About the Dionysia
Each Spring, the Center for Creative Work (CCW) produces and performs an original translation of Greek tragedy or comedy during the traditional festival time for the Athenian City Dionysia. Directors, choreographers, costumers, musicians, and actors from the Honors College and the Houston community combine to create a performance steeped in research and creative development. The future of the Dionysia lies in its ability not only to bring together the UH community, but also to reach out to the city of Houston through performances and conferences.
The Center for Creative Work presented an adaptation of Homer's classic tale of war and suffering, the Iliad, entitled Ilium. Jen Sommers of the School of Theatre and Dance choreographer and director collaborated with music composed and conducted by Moores School of Music vocal performance major Alyssa Weathersby.
Dr. Harvery's modern adaptation of Aristophanes' The Frogs mixes ancient figures with modern issues as the god Dionysus and his slave, Xanthias, try to find a way to save the corrupted and bankrupt modern Greece from falling into the control of foreign nations. Dionysus decides that only a poet can save Greece from its fall and thus decides to plumb the depths of Hades to find Euripides. However a battle of wits and weighing of lines occurs as Aeschylus, crowned the "The Best Tragic Poet" in Hades, and Euripides fight for another chance at life. Aaron Landsman (City Council Meeting) directed this black comedy that features both amateur and professional actors from the University of Houston and in the Houston community.
Aeschylus' Agamemnon was the play for the 2011 Dionysia events. Center for Creative Work students and actors from the community produced the new translation (by Dr. John Harvey) of this bloody, intense play. Dionysia 2011 also expanded into the community with Klytamnestra: The Original Subversive Female a world premiere opera dance theater based on the Dr. Harvey's characters and translation, at Divergence Vocal Theater and Brandy Holmes' Yes, Cassandra at the Interstate Fringe Festival in New Orleans. More about Dionysia 2011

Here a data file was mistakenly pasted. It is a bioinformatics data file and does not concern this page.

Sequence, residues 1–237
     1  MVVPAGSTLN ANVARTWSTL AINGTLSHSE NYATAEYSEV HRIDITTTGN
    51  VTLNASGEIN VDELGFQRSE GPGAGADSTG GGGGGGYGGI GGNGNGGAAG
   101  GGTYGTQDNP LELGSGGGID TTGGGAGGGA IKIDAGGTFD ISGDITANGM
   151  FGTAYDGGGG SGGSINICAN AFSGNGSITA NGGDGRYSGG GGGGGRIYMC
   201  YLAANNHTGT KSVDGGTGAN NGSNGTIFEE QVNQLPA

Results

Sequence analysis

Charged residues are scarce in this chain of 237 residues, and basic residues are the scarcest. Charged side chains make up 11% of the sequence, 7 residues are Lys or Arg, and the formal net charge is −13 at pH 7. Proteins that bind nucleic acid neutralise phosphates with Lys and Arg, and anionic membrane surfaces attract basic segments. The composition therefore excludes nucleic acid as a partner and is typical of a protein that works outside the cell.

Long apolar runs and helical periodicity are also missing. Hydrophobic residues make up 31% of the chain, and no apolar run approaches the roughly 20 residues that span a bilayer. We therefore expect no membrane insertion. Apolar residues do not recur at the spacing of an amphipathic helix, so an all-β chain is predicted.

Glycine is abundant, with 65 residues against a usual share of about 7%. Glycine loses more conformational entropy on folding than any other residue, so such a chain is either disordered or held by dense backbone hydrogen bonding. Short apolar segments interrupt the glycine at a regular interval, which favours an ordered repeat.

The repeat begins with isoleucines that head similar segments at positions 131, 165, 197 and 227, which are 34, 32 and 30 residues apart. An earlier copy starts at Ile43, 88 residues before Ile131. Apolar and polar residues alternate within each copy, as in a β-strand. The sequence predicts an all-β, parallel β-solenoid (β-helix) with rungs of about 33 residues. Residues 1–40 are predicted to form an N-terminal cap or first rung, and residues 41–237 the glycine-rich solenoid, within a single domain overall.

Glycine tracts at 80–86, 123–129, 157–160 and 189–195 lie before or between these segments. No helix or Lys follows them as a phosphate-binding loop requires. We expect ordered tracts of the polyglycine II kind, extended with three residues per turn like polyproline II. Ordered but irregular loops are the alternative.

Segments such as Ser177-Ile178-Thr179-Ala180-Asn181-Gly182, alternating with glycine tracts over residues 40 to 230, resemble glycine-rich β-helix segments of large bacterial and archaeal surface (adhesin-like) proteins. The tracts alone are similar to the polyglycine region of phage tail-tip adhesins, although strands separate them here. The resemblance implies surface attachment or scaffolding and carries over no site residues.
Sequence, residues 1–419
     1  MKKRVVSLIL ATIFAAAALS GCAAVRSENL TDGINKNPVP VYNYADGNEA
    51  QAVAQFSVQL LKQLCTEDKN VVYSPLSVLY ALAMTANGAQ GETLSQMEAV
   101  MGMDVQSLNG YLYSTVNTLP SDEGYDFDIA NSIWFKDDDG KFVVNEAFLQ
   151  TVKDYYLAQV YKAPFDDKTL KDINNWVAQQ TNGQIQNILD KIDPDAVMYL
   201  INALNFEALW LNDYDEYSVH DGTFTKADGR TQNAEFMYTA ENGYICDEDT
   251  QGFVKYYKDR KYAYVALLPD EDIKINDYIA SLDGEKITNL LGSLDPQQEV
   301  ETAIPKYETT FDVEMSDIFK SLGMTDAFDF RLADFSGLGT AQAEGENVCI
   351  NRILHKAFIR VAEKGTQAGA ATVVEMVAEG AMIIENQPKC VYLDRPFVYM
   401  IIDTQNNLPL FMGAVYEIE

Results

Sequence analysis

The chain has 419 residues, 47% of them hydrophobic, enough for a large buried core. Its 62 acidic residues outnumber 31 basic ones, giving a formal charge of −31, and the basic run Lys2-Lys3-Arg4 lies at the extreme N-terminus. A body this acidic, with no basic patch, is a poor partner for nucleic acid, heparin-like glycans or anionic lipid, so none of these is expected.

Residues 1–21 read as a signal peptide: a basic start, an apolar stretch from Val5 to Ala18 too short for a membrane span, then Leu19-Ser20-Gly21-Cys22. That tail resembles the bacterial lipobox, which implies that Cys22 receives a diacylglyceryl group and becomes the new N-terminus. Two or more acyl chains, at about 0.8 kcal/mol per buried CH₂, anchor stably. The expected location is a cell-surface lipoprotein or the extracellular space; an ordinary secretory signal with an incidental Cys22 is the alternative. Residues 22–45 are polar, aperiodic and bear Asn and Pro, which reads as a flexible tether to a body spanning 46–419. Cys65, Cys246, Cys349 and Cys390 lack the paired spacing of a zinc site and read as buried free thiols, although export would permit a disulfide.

The CCW expanded the Dionysia in 2010 to include a scholars' conference, a talk-back with the cast and directors, an Ekphrastic Art exhibit, and a closing reception in addition to the pre-show Agora and original production of Dionysia 2009. Drs. Armstrong and Harvey created a new translation of Sophocles' Electra, which the CCW staged using a mix of student and professional actors. Katelyn Halpern choreographed the show and Elliot Cole composed original music.
- Download the Dionysia 2010 poster
- View the schedule for "Electra: A Theatre Scholars' Conference on Translation and Production"
- Watch the video-diary of Electra
- Hear a profcast on Electra
Dionysia & SURF 2009
The Office of Undergraduate Research funded a 2009 Summer Undergraduate Research Fellowship (SURF) for Katelyn Halpern to research the English translations of the three Electra plays: Sophocles' Electra, Euripides' Electra, and Aeschylus' The Libation Bearers. The research poster was presented at Undergraduate Research Day on October 1, 2009, at 4 p.m., in the Rockwell Pavilion.
The CCW inaugurated the Dionysia in 2009 with the production of Euripides’ The Children of Herakles. This little-known play, performed in a new translation by Dr. John Harvey with Dr. Richard Armstrong, explores the role of the City as a protector of the weak. The CCW's production featured original contemporary choreography by Katelyn Halpern, a new musical score by Richard Power, and a pre-show Agora that brought together performers and audience members in a marketplace of art, literature, and philosophy.
Back to Dionysia